About the Venues
Old Government House was completed in May 1862 and served as the official residence for Queensland’s first eleven governors. It was designed by Queensland’s first Government Architect Charles Tiffin in a Greek revival style and was built by Joshua Jeays in 18 months using the finest locally sourced materials. Looking at the House today it is apparent that it was an important colonial building and events like today help us to get a sense of its former grandeur and atmosphere.
Music regularly resonated throughout the House whether it was the private piano practicing of the lady of the house or a band playing at one of the many vice-regal functions. A beautiful reminder of this time is the 1905 ‘Bechstein’ miniature grand piano in the Hall purchased at the request Lady Chelmsford for her own use in the family’s many private and public performance.
Old Government House, 2 George Street Brisbane
Rockton, today described as a large Victorian mansion, commenced as a three room brick cottage constructed in 1855 for bank manager William Craies and his wife Sabina. From the 1860s Rockton featured verandahs, an entrance hall, dining and drawing rooms, four bedrooms and a nursery. Later owners extended the house with a more elaborate two-storeyed wing that included bedrooms, bathrooms and a staircase leading to a steeply hipped roof capped by a widows’ walk with cast iron lace balustrading, and a tower which was added around 1900.
The breezeway created between the 1865 wing and the 1890s extension was enclosed to form a ballroom in which concerts are held today. The current owners are Angela and Wybe Geertsma. Angela’s grandparents, Will and Laura Haenke, purchased Rockton in 1918 when it was in a state of disrepair. Rockton has since been returned to its original grandeur, surrounded by tranquil gardens.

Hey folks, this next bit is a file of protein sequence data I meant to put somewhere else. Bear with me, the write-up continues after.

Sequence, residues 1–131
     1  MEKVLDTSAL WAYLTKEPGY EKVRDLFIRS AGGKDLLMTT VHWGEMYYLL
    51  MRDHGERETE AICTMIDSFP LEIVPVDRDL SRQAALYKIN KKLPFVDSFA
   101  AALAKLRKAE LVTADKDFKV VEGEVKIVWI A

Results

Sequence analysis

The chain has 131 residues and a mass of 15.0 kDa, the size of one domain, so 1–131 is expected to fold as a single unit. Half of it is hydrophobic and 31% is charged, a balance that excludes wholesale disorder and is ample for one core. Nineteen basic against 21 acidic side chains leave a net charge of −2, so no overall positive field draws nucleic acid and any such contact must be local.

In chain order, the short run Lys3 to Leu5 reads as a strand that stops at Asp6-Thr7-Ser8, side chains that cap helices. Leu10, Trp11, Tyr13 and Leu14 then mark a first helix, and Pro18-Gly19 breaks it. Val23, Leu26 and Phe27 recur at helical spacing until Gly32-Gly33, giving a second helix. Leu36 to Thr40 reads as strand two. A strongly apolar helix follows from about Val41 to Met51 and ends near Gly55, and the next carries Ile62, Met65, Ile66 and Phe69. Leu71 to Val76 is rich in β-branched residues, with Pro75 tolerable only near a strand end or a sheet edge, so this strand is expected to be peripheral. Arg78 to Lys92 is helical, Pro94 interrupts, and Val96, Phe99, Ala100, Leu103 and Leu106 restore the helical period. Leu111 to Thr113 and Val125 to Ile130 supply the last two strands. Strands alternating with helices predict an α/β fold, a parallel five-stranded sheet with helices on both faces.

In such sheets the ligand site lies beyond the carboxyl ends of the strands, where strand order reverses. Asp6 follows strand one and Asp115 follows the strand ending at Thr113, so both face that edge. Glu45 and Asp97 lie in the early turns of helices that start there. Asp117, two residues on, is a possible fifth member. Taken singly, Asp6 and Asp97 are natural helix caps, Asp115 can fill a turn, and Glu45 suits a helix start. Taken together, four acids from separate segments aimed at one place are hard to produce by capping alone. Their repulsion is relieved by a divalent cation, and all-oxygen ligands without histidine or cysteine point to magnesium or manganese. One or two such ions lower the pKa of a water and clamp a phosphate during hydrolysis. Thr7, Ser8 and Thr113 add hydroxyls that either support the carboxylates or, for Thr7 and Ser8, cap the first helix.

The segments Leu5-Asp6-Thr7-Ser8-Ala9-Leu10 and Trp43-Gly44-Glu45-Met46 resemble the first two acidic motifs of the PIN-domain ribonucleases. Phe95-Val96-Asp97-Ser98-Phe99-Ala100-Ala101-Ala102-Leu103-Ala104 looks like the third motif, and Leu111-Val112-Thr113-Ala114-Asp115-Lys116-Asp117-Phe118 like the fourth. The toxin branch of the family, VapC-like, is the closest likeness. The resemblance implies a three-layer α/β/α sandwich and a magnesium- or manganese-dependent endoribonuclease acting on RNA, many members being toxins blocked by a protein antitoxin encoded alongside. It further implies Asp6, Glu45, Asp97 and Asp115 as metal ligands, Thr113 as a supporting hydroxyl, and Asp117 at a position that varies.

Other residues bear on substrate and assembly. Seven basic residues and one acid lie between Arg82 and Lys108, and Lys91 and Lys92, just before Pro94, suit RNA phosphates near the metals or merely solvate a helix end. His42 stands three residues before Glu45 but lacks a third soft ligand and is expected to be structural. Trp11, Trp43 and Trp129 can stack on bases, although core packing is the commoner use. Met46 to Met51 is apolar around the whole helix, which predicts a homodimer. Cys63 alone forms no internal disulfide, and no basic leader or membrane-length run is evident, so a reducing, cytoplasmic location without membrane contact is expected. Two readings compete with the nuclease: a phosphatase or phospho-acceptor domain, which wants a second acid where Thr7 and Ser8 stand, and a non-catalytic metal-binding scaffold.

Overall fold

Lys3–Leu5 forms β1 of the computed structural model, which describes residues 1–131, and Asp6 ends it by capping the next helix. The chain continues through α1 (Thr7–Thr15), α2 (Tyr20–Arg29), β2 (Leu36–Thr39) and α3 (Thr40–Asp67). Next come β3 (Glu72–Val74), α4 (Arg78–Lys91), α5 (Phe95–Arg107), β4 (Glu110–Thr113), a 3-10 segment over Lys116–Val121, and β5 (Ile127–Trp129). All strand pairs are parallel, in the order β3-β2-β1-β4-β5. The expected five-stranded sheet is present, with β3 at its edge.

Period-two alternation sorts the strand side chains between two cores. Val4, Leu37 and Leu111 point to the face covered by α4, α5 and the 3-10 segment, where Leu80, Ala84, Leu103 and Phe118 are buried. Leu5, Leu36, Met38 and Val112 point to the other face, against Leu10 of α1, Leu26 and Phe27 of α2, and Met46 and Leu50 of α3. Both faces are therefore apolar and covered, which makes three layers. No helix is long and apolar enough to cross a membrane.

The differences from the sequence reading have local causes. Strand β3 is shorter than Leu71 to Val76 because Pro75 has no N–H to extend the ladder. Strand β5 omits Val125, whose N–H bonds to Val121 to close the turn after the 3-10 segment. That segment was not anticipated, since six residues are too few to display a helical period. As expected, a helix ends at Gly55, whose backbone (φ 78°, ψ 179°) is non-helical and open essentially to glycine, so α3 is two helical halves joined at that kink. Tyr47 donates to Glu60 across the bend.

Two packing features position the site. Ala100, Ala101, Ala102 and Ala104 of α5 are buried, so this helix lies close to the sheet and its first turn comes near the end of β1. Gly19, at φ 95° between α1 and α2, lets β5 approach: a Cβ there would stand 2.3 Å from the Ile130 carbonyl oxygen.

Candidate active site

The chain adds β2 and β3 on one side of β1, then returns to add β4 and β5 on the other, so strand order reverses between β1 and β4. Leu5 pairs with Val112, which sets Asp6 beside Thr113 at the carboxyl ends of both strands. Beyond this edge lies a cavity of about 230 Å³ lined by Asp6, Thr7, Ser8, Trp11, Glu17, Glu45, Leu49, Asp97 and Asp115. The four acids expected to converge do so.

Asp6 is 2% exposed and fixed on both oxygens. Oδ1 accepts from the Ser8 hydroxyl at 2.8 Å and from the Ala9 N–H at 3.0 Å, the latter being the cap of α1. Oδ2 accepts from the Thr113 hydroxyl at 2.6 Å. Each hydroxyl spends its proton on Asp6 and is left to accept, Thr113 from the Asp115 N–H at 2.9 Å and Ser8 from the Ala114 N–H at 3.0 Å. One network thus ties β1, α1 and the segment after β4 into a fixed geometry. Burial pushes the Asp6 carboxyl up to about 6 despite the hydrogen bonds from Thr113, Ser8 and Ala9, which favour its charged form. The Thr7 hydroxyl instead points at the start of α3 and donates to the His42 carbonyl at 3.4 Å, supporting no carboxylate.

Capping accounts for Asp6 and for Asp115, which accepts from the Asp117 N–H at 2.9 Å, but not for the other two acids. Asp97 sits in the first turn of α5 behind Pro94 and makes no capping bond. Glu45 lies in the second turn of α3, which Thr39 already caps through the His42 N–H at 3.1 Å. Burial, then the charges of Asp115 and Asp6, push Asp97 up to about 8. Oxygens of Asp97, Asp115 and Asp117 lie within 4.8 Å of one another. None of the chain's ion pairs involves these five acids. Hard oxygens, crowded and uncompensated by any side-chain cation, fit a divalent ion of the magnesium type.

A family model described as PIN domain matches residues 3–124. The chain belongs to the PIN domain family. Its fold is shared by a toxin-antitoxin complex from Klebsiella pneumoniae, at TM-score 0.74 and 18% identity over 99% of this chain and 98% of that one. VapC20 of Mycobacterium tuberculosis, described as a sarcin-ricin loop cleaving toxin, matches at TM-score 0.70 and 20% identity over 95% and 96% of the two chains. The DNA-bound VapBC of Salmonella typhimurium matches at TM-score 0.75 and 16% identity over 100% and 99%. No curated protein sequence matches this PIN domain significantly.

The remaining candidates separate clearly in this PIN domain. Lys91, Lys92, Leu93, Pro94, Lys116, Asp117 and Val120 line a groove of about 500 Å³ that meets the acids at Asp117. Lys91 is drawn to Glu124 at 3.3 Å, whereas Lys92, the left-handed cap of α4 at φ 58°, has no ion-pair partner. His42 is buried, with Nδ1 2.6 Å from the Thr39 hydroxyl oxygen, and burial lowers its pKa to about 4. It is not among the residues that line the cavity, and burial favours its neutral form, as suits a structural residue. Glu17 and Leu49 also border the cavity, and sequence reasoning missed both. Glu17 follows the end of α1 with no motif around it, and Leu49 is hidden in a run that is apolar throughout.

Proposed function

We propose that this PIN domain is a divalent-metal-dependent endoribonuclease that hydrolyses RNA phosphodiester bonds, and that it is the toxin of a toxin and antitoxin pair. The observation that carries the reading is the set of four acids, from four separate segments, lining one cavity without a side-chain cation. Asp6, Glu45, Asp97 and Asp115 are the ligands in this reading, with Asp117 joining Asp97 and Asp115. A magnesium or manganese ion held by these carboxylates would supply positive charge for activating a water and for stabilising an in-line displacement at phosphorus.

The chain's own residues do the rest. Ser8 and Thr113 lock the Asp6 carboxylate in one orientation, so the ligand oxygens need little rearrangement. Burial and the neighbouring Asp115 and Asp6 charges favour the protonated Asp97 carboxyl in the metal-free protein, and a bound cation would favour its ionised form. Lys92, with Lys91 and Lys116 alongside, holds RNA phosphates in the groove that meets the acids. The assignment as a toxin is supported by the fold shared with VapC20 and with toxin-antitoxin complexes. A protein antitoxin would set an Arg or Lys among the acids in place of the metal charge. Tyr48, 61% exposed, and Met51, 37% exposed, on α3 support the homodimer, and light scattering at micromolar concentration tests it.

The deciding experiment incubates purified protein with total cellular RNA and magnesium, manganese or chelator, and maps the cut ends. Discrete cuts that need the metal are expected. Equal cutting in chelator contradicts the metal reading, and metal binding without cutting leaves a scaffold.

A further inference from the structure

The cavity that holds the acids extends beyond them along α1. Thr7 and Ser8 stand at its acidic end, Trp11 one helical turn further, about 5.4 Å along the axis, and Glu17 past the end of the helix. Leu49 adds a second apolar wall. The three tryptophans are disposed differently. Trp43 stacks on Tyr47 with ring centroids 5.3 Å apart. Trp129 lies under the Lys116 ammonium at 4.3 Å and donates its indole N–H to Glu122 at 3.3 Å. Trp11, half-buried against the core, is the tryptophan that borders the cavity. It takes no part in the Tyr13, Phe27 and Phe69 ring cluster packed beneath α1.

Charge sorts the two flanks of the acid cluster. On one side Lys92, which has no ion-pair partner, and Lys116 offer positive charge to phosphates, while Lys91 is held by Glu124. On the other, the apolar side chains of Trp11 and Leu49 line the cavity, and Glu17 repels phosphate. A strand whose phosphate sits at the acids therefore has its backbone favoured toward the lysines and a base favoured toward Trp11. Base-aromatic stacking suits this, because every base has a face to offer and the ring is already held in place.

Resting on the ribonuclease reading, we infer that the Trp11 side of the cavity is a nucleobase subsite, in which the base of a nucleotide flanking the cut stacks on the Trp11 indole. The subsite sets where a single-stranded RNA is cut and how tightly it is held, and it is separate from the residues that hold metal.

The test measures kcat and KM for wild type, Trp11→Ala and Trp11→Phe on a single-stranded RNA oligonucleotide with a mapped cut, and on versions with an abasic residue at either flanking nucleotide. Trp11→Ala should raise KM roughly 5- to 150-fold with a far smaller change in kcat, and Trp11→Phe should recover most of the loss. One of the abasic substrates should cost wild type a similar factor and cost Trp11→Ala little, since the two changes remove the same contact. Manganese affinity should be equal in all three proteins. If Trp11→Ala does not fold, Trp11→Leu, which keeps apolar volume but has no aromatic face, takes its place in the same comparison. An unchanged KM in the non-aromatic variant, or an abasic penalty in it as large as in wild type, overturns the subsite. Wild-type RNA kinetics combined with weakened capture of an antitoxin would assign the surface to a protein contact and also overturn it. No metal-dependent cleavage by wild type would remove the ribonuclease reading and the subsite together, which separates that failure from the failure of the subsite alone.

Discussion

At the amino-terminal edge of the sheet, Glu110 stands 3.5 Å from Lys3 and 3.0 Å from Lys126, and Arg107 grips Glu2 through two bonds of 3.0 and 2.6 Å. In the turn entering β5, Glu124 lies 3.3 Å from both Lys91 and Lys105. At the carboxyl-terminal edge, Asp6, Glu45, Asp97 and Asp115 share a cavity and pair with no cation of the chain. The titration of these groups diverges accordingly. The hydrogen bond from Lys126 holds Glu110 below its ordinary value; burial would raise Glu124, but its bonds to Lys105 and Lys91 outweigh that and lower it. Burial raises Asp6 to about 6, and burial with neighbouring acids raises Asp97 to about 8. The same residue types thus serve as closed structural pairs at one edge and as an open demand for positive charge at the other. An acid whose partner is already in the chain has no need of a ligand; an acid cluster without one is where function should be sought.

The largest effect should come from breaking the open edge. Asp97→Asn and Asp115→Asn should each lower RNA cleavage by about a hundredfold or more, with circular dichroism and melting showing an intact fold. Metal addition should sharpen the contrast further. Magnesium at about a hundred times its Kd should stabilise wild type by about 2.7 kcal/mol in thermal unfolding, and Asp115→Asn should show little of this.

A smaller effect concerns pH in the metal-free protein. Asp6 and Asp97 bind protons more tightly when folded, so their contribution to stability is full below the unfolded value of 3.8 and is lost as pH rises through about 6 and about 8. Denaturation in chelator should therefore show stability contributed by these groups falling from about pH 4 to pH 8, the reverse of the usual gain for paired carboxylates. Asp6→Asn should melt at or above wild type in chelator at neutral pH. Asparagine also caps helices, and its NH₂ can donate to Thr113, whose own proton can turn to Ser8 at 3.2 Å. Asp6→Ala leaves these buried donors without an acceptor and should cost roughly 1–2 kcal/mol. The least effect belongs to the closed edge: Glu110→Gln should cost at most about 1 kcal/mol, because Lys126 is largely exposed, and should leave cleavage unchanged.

St Mary’s Anglican Church, 455 Main Street Kangaroo Point
‘St Mary’s-on-the-Cliffs’ is one of Brisbane’s most historic churches. Built in 1873 by Alfred Grant and designed in Neo-Gothic style by Richard Suter, the current stone building replaced an earlier wooden church that was on the site from 1849. Built of Brisbane tuff or porphyry, the unlined nave features timber trusses while the sanctuary is plaster-lined with three painted by noted artist Godfrey Rivers. The organ which was installed in 1876 was imported from a London church, and is the oldest such instrument in Queensland, with some pipes dating back to the 1600s.
Due to its central and prominent position above the Kangaroo Point cliffs, St Mary’s is closely linked to Queensland’s history. In addition to serving as the state’s naval chapel, in colonial times St Mary’s was the home church of the early governors who lived just across the river at Old Government House. The church was placed on the Queensland Heritage Register in 1992, having satisfied the various criteria relating to a building of cultural significance. St Mary’s has a proud musical tradition and is frequently used as a concert venue.